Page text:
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That time Rob Halford fell off his bike on stage (and barely missed a beat, because he's Rob freakin' Halford)

Rob Halford Judas Priest
(Image credit: Jeff Hahne/Getty Images)

If you could distil metal’s very essence into one person, it’d be Rob Halford. The Judas Priest leader defines the look, possesses the voice and oozes the charisma that every frontman in the genre requires to become a star. 

But it seems that the Metal God is infallible like us mere mortals, and can come crashing down to earth in the grandest and most public of ways.  

In 2011, Judas Priest were knee-deep in their Epitaph (opens in new tab) world tour, which at the time, was supposed to be their farewell run. 

That April, K.K. Downing told fans he was stepping down from the band, citing “an on-going breakdown in working relationships between [himself], elements of the band and management for some time.” After a career spanning over four decades, no-one could possibly blame them for wanting to hang up their leather jackets for good.

By September, the Midlands metallers’ trek took them to South America, where they played five Brazilian shows while making their rounds of the continent. On the last of those dates – September 15, at the Ginásio Nilson Nelson Arena, Brasília – Rob had the most spectacular gaffe on ostensibly his last night performing live in Brazil; he fell off his bike in front of 17,000 screaming fans.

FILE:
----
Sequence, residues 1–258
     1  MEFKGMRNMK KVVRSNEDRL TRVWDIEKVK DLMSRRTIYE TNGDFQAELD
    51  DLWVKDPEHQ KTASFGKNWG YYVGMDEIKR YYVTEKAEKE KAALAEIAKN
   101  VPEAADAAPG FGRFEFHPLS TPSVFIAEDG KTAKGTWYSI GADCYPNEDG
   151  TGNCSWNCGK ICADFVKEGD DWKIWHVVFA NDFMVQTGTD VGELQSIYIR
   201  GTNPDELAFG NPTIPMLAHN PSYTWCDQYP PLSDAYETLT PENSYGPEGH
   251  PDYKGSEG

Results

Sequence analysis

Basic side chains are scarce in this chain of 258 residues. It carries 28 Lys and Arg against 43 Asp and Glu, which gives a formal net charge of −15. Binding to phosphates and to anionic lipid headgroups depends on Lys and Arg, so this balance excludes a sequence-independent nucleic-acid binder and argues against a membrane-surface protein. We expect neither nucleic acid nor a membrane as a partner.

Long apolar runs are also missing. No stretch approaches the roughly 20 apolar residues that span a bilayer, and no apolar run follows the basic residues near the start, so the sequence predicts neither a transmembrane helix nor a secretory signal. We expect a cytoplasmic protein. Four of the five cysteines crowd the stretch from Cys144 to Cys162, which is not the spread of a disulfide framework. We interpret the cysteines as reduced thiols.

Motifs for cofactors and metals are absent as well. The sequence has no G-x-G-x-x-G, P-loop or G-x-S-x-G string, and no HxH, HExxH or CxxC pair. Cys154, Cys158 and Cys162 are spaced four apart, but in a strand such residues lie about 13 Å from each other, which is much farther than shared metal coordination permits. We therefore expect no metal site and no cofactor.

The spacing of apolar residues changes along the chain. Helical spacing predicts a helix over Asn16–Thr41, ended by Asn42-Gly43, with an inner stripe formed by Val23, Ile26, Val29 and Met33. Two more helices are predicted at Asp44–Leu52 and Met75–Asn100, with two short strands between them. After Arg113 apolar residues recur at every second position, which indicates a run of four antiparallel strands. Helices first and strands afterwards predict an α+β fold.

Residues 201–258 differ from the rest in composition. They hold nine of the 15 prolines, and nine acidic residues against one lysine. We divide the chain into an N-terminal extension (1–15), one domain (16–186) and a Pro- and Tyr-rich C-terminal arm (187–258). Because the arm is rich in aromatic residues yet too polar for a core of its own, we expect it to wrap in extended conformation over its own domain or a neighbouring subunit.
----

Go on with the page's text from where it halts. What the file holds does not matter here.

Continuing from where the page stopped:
The bike blunder occurred at the start of Hell Bent For Leather, the third-from-last song of their 21-track set. In the clip below, you can see Rob ride his motorcycle ever so slowly onto the stage – and it just keels over. He’s quickly picked up by people waiting at the side of the stage, including guitarist Glenn Tipton. This is all to the soundtrack of blazing guitar chords courtesy of Downing’s replacement Richie Faulkner.

It’s by no means the worst onstage bike accident the Metal God has endured. In 1990, he was knocked unconscious after falling from his Harley-Davidson, and by the time he came to, the gig – his final with Priest before a decade-long absence – was over.

Thankfully, only the Metal God’s ego was bruised this time around, and the cheer that greets him as he gets straight back up and on the bike again is heartwarming for all involved. It’s also a relief that Judas Priest nixed plans to call it a day after that Epitaph run. 

Since then, they’ve made two more albums of ironclad heavy metal and, in 2021, celebrated a belated 50th anniversary with a rarities set performed at Bloodstock Open Air.

The moral of the story is that not even a piece of heavy metal machinery can stop Rob Halford, but merely delay or just slightly embarrass him.

Louder’s resident Cult Of Luna obsessive was still at uni when he joined the team in 2017. Since then, Matt’s become a regular in Prog and Metal Hammer, at his happiest when interviewing the most forward-thinking artists heavy music can muster. He’s got bylines in The Guardian, The Telegraph, NME, Guitar and many others, too. When he’s not writing, you’ll probably find him skydiving, scuba diving or coasteering.